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How to Host a Website in 5 Easy Steps

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Every website needs to be hosted. So if you’re building a new website for the first time, learning how to host it is the only way your site will be published on the web.

The concept of web hosting is pretty straightforward.

Your website lives on a server. A web hosting provider maintains the server and technology needed to connect your site to the Internet.

When an Internet user wants to visit your website, they simply type your domain or web address into their browser. Their device connects with the server and your pages are delivered to the user.

How Web Hosting Works

Hosting a website isn’t complicated. But you want to make sure you get it right the first time. Otherwise, it can cause you big headaches and problems down the road.

So how do you host a website?

There’s an overwhelming amount of information on the Internet about web hosting. The answer depends on multiple factors, such as your technical experience, type of website, and size of your website.

That was my inspiration for creating this guide. I’ve simplified the web hosting process into just five easy steps.

No matter what type of website you’re creating, you’ll be able to host it with ease if you follow the steps below.

Step #1: Research Web Hosting Providers

Web hosting is just like any other consumer product or service. If you wanted to buy a new car, you wouldn’t just walk up to a dealer and purchase the first one on the lot. You’d research different types of cars, makes, models, and dealerships to help you make an informed decision.

The same concept can be applied to web hosting.

All web hosting providers are not the same. Some are undoubtedly better than others.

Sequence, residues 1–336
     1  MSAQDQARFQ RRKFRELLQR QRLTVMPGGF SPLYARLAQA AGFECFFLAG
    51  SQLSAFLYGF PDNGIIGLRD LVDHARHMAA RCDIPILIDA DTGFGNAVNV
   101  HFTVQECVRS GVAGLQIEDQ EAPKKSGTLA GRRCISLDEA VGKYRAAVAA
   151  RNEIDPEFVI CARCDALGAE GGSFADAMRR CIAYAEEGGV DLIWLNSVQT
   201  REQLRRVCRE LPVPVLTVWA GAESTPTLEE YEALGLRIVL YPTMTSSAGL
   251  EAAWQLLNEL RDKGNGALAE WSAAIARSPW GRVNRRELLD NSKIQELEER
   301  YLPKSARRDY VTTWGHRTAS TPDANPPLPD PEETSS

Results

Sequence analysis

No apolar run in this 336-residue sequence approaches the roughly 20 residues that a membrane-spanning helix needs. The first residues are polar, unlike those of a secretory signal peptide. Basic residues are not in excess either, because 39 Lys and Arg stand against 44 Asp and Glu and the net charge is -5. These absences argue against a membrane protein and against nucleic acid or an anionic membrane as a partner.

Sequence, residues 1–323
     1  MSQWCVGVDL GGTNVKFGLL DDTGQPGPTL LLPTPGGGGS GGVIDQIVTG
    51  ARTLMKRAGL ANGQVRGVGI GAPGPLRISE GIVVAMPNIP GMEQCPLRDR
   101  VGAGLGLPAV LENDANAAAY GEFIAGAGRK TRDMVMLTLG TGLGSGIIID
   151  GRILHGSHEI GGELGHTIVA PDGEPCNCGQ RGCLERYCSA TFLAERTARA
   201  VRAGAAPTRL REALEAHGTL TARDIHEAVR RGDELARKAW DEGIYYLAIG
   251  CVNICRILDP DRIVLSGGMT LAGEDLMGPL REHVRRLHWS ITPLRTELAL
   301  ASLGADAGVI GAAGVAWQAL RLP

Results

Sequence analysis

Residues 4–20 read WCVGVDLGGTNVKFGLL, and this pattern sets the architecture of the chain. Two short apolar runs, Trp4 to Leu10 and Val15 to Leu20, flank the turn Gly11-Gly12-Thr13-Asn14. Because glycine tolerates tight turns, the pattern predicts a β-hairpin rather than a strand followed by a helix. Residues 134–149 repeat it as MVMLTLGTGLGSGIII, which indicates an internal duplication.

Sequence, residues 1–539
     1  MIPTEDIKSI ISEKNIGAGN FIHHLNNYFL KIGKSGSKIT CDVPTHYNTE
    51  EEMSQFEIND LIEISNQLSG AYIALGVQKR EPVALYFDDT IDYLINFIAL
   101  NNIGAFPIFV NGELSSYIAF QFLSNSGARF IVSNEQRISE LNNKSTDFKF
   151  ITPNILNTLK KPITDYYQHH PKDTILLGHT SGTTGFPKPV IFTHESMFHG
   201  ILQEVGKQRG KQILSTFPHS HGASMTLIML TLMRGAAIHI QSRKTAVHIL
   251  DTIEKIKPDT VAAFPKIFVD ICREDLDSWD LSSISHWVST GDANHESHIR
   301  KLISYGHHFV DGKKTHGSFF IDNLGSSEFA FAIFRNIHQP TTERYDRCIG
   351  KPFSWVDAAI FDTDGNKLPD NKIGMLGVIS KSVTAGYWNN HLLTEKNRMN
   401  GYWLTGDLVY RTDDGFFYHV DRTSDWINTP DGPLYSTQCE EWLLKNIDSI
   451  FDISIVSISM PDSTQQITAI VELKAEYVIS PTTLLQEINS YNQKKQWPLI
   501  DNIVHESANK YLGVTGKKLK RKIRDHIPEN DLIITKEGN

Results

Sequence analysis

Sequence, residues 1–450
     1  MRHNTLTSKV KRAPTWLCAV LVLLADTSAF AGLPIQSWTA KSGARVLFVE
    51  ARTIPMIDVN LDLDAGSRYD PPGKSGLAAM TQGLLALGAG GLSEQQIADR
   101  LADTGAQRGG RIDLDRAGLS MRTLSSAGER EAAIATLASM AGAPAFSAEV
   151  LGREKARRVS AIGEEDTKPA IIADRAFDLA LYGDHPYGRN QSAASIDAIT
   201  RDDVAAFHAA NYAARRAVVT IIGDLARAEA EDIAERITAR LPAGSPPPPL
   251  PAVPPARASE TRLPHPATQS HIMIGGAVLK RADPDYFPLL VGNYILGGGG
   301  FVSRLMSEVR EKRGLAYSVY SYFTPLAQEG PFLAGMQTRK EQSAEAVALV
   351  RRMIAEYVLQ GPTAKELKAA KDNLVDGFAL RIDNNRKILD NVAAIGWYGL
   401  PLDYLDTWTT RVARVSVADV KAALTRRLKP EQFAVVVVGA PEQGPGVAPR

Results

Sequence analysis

Here’s the thing. There are dozens, if not hundreds of different web hosting providers on the market today. Your research process can help narrow your search. You’ll be able to eliminate certain hosts right away.

There are web hosting providers out there that specialize in speed, while others prioritize customer service. Some providers are best for small business websites and others are best for agencies or enterprises.

So where should you start your research?

Don’t just blindly start clicking through different web hosts on Google. That’s way too time-consuming and it won’t be very productive. Plus, you won’t know what to look for to see if the company is legit or not.

Web Hosting Providers

Nobody is going to search through all of those results. Instead, I’d recommend finding a third-party guide of reviews.

As an expert in web hosting, I’ve written one of these guides myself. After personally checking the features and performance of nearly every web host in existence, I was able to narrow down the top options. So check out my list of the best web hosting providers.

  • Bluehost
  • DreamHost
  • SiteGround
  • HostGator
  • Hostinger
  • InMotion
  • WP Engine
  • GoDaddy
  • A2 Hosting

You don’t need to pick a provider just yet. But the research process will guide you in the right direction as you continue through each step in this guide.

Step #2: Determine Your Budget

This step can be tricky because it involves more than picking a price point. Your budget will also depend on the features you need and the type of hosting that you want (which we’ll get to in the next step).